At least three prominent Republicans have been approached by White House Chief of Staff John H. Sununu about serving as chairman of the Republican Party but asked that they not be considered, sources said yesterday.

Craig L. Fuller, Bush's former chief of staff when he was vice president; Mitchell Daniels, a former White House political director, and James A. McClure, the retiring Republican senator from Idaho, all have been asked if they would be interested in being chairman of the Republican National Committee and all have said no, according to sources.

President Bush began a search for a new RNC chairman after William J. Bennett, Bush's announced choice, abruptly changed his mind last month and announced that because of financial reasons he would not accept the post. White House officials said shortly before Christmas that Bush had taken a short list of possible candidates compiled by Sununu to Camp David for the holidays to mull over a new choice. But none of the three were on the list the White House officials publicly disclosed.

Fuller, who served in the White House in President Ronald Reagan's first term and then as chief of staff to Bush in his last term as vice president, is president and chief operating officer of Hill & Knowlton's public affairs worldwide division.

Fuller could not be reached for comment, but a source said Sununu called him this week, asked if he were interested and was told no. Fuller has served as an unofficial adviser to the White House on some political and domestic issues.

Daniels, who served as a White House political director and advised the vice presidential campaign of Dan Quayle, a fellow Indiana Republican, said last night that he had not been offerred the post. Asked if he had been contacted by the White House about whether he was interested in the post, Daniels said, "No comment."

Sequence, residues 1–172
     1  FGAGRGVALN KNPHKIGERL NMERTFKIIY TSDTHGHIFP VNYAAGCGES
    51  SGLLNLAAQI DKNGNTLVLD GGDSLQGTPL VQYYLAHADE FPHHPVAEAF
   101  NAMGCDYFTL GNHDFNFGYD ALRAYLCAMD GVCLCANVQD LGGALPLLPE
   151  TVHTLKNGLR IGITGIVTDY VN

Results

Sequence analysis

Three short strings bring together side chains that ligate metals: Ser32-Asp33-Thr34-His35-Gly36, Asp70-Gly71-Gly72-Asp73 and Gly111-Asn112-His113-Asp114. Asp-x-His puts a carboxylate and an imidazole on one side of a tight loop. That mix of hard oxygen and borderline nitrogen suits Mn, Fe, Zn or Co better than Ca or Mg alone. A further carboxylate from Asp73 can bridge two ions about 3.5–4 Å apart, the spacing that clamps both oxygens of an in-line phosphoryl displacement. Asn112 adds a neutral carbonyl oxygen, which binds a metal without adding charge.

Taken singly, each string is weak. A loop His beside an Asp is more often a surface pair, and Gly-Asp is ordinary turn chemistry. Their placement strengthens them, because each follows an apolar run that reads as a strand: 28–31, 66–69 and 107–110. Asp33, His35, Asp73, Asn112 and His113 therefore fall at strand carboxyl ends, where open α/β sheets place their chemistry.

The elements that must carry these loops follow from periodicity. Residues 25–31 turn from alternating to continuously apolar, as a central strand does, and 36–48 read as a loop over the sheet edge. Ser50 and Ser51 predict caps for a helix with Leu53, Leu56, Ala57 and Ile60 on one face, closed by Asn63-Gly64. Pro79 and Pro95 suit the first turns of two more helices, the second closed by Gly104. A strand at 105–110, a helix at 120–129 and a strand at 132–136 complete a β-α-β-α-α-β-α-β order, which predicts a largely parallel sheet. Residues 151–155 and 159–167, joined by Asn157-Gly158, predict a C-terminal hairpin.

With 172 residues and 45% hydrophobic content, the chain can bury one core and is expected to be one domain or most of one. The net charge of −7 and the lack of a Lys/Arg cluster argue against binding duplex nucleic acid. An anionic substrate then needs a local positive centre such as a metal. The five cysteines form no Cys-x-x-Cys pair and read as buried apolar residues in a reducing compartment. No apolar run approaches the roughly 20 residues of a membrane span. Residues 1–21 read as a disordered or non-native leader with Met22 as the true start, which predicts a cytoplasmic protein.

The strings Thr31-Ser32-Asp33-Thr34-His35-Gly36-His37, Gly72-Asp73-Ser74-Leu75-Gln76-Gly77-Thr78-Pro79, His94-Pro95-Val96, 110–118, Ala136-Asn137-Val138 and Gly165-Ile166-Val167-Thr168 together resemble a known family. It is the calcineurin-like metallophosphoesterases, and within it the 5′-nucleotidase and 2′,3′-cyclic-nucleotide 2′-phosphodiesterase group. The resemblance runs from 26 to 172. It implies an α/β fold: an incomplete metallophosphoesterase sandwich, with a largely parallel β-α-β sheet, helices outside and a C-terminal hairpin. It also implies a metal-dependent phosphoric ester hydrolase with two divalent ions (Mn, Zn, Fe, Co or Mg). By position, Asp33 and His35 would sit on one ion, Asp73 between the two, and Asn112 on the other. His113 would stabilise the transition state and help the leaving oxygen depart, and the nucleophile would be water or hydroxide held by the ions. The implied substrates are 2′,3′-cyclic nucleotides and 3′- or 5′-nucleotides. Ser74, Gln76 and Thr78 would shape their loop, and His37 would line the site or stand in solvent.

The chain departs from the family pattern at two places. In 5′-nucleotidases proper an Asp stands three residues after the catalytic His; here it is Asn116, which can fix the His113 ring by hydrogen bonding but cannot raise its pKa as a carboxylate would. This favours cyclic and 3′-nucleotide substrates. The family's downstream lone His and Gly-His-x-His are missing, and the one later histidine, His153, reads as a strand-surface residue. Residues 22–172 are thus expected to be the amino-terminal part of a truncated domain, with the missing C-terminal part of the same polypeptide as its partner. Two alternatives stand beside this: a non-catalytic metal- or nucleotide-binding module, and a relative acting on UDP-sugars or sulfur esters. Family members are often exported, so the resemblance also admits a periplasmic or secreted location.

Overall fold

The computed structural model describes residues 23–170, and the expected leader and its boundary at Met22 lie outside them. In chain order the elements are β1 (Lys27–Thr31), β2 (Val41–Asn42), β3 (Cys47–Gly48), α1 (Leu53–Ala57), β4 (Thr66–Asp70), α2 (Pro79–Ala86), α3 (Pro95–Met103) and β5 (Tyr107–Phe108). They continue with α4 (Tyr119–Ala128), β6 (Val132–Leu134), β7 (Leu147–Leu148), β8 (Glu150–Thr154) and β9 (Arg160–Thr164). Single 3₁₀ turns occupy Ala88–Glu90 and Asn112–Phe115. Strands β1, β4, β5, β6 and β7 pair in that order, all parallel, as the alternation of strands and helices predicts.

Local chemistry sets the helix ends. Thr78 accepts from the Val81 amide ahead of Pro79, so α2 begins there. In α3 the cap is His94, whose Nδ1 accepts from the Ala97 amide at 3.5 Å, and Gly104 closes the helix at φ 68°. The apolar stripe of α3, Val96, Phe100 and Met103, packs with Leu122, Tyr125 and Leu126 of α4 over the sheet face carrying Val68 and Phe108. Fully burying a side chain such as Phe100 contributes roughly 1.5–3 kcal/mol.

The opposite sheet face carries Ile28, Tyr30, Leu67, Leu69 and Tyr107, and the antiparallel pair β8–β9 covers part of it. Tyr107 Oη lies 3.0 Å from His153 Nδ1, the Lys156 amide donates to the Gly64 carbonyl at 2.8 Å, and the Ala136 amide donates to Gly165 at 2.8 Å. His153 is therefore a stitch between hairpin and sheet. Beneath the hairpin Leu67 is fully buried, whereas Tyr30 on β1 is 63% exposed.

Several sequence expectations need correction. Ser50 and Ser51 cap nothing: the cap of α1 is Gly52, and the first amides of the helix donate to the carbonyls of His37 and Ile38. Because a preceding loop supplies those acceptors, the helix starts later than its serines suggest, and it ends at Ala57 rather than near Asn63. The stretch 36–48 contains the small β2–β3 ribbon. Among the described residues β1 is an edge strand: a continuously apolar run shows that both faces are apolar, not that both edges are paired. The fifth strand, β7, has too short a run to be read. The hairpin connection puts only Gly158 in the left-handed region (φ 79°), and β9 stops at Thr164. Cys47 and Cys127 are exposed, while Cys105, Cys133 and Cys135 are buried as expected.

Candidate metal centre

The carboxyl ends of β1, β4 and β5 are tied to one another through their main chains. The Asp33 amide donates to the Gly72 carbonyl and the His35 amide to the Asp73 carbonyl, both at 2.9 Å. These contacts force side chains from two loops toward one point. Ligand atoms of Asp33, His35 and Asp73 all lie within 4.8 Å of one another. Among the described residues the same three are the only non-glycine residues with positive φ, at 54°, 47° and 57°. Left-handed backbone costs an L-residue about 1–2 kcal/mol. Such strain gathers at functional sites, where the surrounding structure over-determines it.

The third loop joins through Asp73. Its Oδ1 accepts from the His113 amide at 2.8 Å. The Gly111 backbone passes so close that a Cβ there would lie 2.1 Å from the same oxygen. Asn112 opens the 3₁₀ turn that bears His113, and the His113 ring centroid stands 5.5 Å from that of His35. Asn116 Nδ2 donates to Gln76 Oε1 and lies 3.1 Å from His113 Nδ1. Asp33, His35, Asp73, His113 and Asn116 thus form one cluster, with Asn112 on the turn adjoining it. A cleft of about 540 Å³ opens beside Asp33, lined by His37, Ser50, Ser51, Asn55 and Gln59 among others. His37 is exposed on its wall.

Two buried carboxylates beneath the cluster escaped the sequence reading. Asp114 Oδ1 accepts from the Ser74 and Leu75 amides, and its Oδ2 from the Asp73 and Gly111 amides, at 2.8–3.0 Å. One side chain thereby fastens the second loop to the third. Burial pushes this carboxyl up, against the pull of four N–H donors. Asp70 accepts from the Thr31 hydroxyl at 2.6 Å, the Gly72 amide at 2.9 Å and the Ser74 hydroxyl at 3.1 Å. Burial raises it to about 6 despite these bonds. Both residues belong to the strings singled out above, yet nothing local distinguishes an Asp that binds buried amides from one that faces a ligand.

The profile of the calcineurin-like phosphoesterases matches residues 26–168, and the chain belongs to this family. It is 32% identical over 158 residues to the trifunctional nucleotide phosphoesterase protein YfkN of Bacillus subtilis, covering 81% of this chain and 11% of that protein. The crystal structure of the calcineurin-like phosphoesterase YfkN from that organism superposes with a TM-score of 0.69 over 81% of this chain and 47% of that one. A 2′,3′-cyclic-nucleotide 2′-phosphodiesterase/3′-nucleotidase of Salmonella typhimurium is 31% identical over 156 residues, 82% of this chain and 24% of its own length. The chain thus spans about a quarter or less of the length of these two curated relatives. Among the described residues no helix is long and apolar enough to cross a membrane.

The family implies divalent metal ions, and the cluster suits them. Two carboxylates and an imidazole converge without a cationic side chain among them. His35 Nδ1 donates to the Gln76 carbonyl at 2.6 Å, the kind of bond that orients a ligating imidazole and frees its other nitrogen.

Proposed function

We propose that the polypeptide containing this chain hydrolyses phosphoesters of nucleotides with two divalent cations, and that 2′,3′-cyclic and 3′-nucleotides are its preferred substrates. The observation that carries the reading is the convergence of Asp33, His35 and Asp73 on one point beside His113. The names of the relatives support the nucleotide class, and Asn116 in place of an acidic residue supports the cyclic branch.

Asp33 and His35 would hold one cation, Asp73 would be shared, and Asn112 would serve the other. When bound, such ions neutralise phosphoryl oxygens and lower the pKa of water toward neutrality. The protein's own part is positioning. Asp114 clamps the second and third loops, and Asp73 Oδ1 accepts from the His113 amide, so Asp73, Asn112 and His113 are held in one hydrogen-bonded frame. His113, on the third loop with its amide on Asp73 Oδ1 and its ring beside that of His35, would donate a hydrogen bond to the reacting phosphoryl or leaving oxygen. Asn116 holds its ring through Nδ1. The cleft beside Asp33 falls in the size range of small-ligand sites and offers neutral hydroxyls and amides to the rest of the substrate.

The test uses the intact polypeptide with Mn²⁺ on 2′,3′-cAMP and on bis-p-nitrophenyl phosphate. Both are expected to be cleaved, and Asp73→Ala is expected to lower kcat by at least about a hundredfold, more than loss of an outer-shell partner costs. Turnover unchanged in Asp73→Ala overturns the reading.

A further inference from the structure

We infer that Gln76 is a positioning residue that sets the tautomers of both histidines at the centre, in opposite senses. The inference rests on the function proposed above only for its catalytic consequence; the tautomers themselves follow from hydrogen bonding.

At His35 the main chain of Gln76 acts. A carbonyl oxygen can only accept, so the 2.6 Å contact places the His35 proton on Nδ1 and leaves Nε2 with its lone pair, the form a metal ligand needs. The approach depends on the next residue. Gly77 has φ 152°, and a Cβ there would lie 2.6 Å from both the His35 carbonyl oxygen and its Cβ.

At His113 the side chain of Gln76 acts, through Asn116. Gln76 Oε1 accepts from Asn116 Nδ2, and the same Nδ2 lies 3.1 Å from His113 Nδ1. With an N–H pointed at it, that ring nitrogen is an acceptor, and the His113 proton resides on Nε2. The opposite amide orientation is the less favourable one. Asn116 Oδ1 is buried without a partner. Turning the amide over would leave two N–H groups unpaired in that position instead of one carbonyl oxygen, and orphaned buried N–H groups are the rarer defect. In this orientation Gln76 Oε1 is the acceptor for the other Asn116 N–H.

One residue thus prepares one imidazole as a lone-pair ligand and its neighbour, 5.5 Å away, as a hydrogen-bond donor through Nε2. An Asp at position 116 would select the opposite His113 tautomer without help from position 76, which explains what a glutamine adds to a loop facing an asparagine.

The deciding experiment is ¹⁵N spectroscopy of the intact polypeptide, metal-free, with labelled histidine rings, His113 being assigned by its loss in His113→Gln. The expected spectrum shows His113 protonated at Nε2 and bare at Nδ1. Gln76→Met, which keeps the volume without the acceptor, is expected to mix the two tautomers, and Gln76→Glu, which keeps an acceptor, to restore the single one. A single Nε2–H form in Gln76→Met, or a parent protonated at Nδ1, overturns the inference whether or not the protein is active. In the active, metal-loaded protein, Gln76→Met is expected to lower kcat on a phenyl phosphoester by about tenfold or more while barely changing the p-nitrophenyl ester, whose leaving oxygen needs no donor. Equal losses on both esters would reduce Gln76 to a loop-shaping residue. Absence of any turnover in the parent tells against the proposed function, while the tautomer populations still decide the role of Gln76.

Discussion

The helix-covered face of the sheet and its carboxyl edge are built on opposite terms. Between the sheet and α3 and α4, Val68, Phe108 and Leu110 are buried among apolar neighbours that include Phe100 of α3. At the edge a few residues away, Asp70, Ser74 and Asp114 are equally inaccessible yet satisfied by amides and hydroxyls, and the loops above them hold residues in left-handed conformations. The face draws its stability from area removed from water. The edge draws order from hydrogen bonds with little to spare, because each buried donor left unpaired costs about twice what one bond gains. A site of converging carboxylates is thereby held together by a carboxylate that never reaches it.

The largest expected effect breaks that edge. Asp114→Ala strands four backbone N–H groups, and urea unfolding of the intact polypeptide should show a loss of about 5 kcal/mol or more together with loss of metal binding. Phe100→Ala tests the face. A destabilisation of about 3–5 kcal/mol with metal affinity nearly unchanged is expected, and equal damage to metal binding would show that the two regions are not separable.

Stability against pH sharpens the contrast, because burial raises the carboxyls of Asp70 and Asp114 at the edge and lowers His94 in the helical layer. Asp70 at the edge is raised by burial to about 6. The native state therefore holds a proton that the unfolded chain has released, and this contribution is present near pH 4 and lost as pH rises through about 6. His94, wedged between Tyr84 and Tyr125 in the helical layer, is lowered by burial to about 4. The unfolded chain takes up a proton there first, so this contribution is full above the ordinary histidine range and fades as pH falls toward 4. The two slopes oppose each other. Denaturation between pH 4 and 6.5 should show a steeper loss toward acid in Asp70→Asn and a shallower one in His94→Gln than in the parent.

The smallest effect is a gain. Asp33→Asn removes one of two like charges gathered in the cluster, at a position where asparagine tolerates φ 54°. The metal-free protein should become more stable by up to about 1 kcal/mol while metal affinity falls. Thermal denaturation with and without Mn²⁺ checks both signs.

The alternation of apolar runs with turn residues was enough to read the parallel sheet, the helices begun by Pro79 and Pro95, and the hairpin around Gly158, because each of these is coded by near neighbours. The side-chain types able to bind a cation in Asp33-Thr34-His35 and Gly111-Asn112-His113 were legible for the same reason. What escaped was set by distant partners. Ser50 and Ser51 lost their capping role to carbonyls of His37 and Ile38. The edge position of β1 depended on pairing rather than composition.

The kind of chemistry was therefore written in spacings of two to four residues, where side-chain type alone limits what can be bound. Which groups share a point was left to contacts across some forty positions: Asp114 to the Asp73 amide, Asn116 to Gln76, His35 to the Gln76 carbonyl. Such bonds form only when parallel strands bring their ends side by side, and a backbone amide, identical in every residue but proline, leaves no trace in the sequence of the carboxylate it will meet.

Daniels is an executive with Eli Lilly & Co., an Indianapolis pharmaceutical firm.

McClure, first elected to the Senate in 1972, retired this year. He met with Bush shortly before Christmas and sources indicated he, too, declined when asked if he were interested in the post.

Sources indicated last night that Bush had asked Sununu to "update" the list of possible candidates, which may indicate lack of presidential backing for those once thought to be front-runners, including Rich Bond, who heads a consulting firm here and who has wide backing from party professionals and several campaign officials from Bush's 1988 campaign. Bond is a former deputy chairman of the RNC, a former deputy chief of staff to Bush and was Bush's political director in the 1988 campaign.

A source familiar with White House moves on the chairmanship said Sununu is now "on a fishing expedition" in contacting a variety of possible chairmen and sounding them out for the post. "The phone lines have been pretty busy the last 24 hours," said one GOP source.

The Republican National Committee is scheduled to meet late this month to vote on the chairman. One White House official said last night that Bush would "certainly" have a candidate by then.